1 decade ago

    I agree with Rev. I work for a military contractor and work with many X-soldiers/X-marines ... ect. Many of them give the army credit towards their professional development. However, the killing does effect people. War can be hostile. Some people cannot take it.

    However, America does respect their soldiers. My father's friend was a Vet from Vietnam. He clearly suffers from post tramatic stress disorder - most likely from the war. He was very poor and picked up cans for a living. A social worker representing vietnam vets found him. With her help, he has health care and a stable job. The government does care and does have programs to help these unfortunate people.

    War just sucks that badly. :(

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  • Anonymous
    1 decade ago

    I know you don't want your loved ones to be soldiers...but someone's gotta do it.

    The rest of us non-soldiers need to be respectful and helpful to those soldiers in need.

    EDIT: I never said that I agreed with the draft. But if someone volunteers--all the more reason to be respectful and helpful.

    I have never believed in a draft system for the military.

    Stop putting words in my mouth.

    And yes, SOMEONE has to be a soldier. Without a military, what protection does a country have?

    EDIT: If you were not speaking of a draft, how then can you consider ANYTHING I said "selfish"???

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  • hi, doc!!

    well....after 9/11 a really close friend of mine joined the army. he went back on his third tore a few months ago. i totally agree with you though we treat them like crap. they died & were injured for us to be free. it's sad. oh & about other vets, bruce springsteen (american rock person don't know if you know him) wrote a song about how badly the vietnam veterans were treated when they came back........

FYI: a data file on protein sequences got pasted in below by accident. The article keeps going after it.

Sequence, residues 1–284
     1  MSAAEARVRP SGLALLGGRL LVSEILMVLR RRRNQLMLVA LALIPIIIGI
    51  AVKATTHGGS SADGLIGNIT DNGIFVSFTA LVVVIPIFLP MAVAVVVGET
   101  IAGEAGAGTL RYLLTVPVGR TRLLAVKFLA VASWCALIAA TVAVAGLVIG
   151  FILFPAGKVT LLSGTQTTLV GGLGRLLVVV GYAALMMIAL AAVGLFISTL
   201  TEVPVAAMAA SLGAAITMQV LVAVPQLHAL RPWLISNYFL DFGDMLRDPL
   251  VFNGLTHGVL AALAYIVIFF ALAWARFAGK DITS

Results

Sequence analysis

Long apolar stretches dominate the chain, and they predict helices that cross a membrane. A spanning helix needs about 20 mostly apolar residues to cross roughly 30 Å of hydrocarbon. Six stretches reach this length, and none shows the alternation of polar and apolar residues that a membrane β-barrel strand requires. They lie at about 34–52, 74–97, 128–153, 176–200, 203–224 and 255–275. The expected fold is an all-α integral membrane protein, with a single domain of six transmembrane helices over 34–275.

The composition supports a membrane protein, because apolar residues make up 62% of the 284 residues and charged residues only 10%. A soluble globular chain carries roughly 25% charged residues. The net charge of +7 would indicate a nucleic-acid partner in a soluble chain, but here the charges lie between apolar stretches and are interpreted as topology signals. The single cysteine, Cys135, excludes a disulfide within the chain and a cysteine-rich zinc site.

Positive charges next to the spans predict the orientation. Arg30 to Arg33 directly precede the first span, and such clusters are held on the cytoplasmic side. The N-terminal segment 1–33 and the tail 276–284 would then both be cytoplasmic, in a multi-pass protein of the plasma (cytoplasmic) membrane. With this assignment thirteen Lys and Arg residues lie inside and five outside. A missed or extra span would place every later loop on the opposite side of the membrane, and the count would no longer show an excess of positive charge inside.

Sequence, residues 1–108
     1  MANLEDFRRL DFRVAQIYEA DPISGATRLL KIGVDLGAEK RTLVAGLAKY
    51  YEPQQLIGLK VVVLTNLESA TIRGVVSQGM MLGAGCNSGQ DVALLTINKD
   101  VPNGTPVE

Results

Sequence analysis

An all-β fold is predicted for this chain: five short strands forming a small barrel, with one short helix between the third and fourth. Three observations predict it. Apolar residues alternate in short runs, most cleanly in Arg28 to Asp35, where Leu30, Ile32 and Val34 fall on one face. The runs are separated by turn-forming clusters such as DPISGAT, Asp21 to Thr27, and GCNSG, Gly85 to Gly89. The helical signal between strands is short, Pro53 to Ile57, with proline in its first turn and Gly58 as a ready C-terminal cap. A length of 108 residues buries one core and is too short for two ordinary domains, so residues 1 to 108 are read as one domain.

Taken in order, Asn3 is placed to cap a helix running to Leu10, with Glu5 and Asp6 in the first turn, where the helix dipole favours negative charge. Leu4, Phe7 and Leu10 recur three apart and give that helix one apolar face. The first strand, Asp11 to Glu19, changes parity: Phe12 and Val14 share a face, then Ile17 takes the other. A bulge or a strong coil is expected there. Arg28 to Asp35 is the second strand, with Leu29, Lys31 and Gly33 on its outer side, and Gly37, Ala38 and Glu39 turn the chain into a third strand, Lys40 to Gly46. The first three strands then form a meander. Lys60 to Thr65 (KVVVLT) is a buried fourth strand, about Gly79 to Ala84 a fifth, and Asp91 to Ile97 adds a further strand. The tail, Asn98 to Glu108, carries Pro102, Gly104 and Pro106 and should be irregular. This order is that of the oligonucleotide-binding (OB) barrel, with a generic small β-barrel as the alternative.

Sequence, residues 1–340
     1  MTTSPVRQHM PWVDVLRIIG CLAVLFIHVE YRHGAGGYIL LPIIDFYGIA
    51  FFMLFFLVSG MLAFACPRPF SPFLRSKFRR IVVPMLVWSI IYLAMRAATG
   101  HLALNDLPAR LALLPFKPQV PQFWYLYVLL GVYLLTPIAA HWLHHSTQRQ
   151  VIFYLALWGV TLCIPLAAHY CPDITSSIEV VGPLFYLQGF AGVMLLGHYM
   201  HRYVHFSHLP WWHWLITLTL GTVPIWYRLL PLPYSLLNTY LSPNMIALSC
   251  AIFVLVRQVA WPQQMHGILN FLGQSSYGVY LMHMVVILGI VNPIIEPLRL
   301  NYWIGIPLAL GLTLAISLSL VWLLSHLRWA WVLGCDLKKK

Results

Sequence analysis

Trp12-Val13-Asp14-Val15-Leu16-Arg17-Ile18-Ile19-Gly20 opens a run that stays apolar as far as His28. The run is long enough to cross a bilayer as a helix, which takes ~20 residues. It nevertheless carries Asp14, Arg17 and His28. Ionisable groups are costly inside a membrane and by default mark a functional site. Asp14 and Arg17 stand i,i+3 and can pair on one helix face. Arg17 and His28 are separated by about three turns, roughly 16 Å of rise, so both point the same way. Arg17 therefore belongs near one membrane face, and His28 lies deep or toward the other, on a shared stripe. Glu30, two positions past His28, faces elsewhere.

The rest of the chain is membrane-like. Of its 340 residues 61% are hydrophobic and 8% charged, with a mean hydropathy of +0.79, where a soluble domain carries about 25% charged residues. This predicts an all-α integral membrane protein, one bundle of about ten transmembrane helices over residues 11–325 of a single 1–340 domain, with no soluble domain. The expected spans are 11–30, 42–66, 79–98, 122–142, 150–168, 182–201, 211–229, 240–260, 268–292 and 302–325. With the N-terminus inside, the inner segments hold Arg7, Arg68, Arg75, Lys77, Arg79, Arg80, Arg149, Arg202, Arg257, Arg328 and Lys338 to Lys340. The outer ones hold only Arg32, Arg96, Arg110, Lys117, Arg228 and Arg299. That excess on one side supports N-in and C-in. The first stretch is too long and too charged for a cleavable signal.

born down in a dead man's town

    the first kick I took was when I hit the ground

    you end up like a dog that's been beat too much

    'til you spend half your life just covering up


    born in the u.s.a.

    born in the u.s.a.

    born in the u.s.a.

    born in the u.s.a.

    i got in a little hometown jam

    and so they put a rifle in my hands

    sent me off to Vietnam

    to go and kill the yellow man


    come back home to the refinery

    hiring man says "Son if it was up to me"

    i go down to see the V.A. man

    he said "Son don't you understand"


    i had a buddy at Khe Sahn

    fighting off the Viet Cong

    they're still there, he's all gone

    he had a little girl in Saigon

    i got a picture of him in her arms

    down in the shadow of the penitentiary

    out by the gas fires of the refinery

    i'm ten years down the road

    Nowhere to run, ain't got nowhere to go

    i'm a long gone daddy in the u.s.a.

    born in the u.s.a.

    i'm a cool rocking daddy in the u.s.a.

    this is one of the most misinterpreted songs ever recorded. everyone thought it was about american pride but once you really listen to the song you can tell it isn't. one of the reasons it so misinterpreted is because of how catchy the music is.

    link to video


    Youtube thumbnail

    sorry i when on this music rant type thing i know it doesn't belong here but when you mention how badly the troops are treated it reminded me of the song.i hope you enjoyed your lesson on random sh*t penny lane knows.

    bottom line is i agree with you.

    Source(s): just give peace a chance. ~john lennon~
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  • Anonymous
    1 decade ago

    Sounds like a bullshit statistic if I ever heard one. To obtain accurate data, census takers would have to interview a large demographic of homeless people throughout the country, and ask them if they were ever in the army. All they are doing is cherry picking numbers from those who end up in shelters.

    When was the last time you saw a census taker talking to bums and bag ladies in the ghetto?